Across the river from the Abbey is the National Theatre. In addition to being one of Britain’s leading theatres and therefore a great addition to any London itinerary, the National Theatre is also a fixture for anyone looking to walk in the footsteps of the British Royal Family while in London. HM The Queen was the royal patron of the theatre for over 40 years, but she’s recently passed on the title to one of the newest members of the Royal Family, Meghan, Duchess of Sussex. There are several bars and cafes to enjoy during your visit, and be sure to have a walk along the Southbank after the performance. The views out over London aren’t to be missed.
A little further from the centre, Dulwich Picture Gallery is a beautiful museum housing over 600 paintings, including masterpieces by Rubens, Rembrandt and Gainsborough. It’s easy to see why it’s a favourite of Kate, the Duchess of Cambridge. In addition to its rightly lauded permanent collection, the gallery also hosts a popular programme of contemporary exhibitions, as well as creative classes and inspired workshops.
Tuck into fine royal fare in The Dining Room at The Goring, just as Kate Middleton did before her spectacular wedding to Prince William in 2011. This Michelin-starred restaurant is renowned for serving quintessentially British cuisine within its impeccably decorated, elegant interiors. Dine here for breakfast, lunch or dinner, enjoying traditional favourites such as Loch Fyne kipper with poached Burford Brown egg and grilled tomatoes, and saddle of roe deer with salsify, creamed spelt, venison sausage. For an added imperial luxury, order a glass of Bollinger Special Cuvée Brut; Bollinger is one of the few Champagne houses awarded a Royal Warrant.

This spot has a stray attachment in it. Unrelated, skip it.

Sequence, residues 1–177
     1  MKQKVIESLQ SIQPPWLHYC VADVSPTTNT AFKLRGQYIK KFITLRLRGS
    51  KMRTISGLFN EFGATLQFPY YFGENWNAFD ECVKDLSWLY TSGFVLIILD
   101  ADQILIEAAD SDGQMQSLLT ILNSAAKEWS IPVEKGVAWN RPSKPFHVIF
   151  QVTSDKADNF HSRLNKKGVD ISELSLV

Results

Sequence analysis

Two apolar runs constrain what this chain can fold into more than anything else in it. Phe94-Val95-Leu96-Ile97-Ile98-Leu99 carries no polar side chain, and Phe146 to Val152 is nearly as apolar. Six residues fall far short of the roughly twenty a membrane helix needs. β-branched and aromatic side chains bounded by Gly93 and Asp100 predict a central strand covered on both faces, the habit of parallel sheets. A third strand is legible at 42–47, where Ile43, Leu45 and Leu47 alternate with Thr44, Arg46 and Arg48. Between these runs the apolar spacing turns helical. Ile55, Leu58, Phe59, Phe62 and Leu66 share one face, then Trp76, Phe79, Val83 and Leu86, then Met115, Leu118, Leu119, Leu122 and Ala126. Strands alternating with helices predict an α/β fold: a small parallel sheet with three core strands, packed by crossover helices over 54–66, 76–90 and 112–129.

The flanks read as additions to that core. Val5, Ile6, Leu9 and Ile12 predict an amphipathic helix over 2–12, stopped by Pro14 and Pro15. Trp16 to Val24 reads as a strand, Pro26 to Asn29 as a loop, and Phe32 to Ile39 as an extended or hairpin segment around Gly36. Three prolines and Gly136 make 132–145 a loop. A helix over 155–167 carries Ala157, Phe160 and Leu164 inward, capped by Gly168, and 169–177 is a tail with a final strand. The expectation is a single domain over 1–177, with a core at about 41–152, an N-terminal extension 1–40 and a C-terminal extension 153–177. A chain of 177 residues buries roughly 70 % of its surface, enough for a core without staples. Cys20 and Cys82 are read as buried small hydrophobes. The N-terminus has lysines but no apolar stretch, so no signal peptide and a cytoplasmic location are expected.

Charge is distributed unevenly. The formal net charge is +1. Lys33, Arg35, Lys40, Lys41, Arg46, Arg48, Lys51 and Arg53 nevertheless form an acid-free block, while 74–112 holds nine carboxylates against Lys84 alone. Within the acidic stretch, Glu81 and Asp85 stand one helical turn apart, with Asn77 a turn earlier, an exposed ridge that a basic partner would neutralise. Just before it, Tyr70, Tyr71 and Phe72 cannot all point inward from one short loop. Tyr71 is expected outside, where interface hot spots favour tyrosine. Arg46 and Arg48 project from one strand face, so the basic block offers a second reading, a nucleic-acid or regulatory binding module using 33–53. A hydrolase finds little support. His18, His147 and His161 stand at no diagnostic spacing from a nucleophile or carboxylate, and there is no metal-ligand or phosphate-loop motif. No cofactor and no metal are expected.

Speaking of Royal Warrants, the flagship store of Fortnum & Mason has been serving and selling luxury food and drink for around 300 years. It’s been beloved by the British Royal Family in London for a fair amount of that time, being the proud bearer of not one, but two of their prestigious crests. Visit to peruse the truffles and teas, chocolates and cheese, and more on offer in the Food Hall and pick up some delicious souvenirs to take home.
Another coveted Royal Warrant holder, Berry Bros. & Rudd is found on St James’s Street, which has long been a destination for the well-heeled to shop for luxury goods. Berry Bros. & Rudd is no exception, being Britain’s oldest fine wine and spirits merchant. Founded in 1698, it didn’t take long for this London stalwart to attract the attention of the British Royal Family. Indeed, its first royal customer was George III in 1760. Visit to peruse its spectacular collection of bottles or indulge in a tasting with the store’s knowledgeable sommelier.
Those with a sweet tooth will enjoy the chocolate boxes, bars and truffles on gleaming display at Charbonnel et Walker. This historic boutique, found in the aptly-named Royal Arcade on Old Bond Street has the honour of providing handcrafted chocolates to HM The Queen. Its Marc de Champagne truffles are a particular highlight and have filled the royal bonbon jars since the 19th century.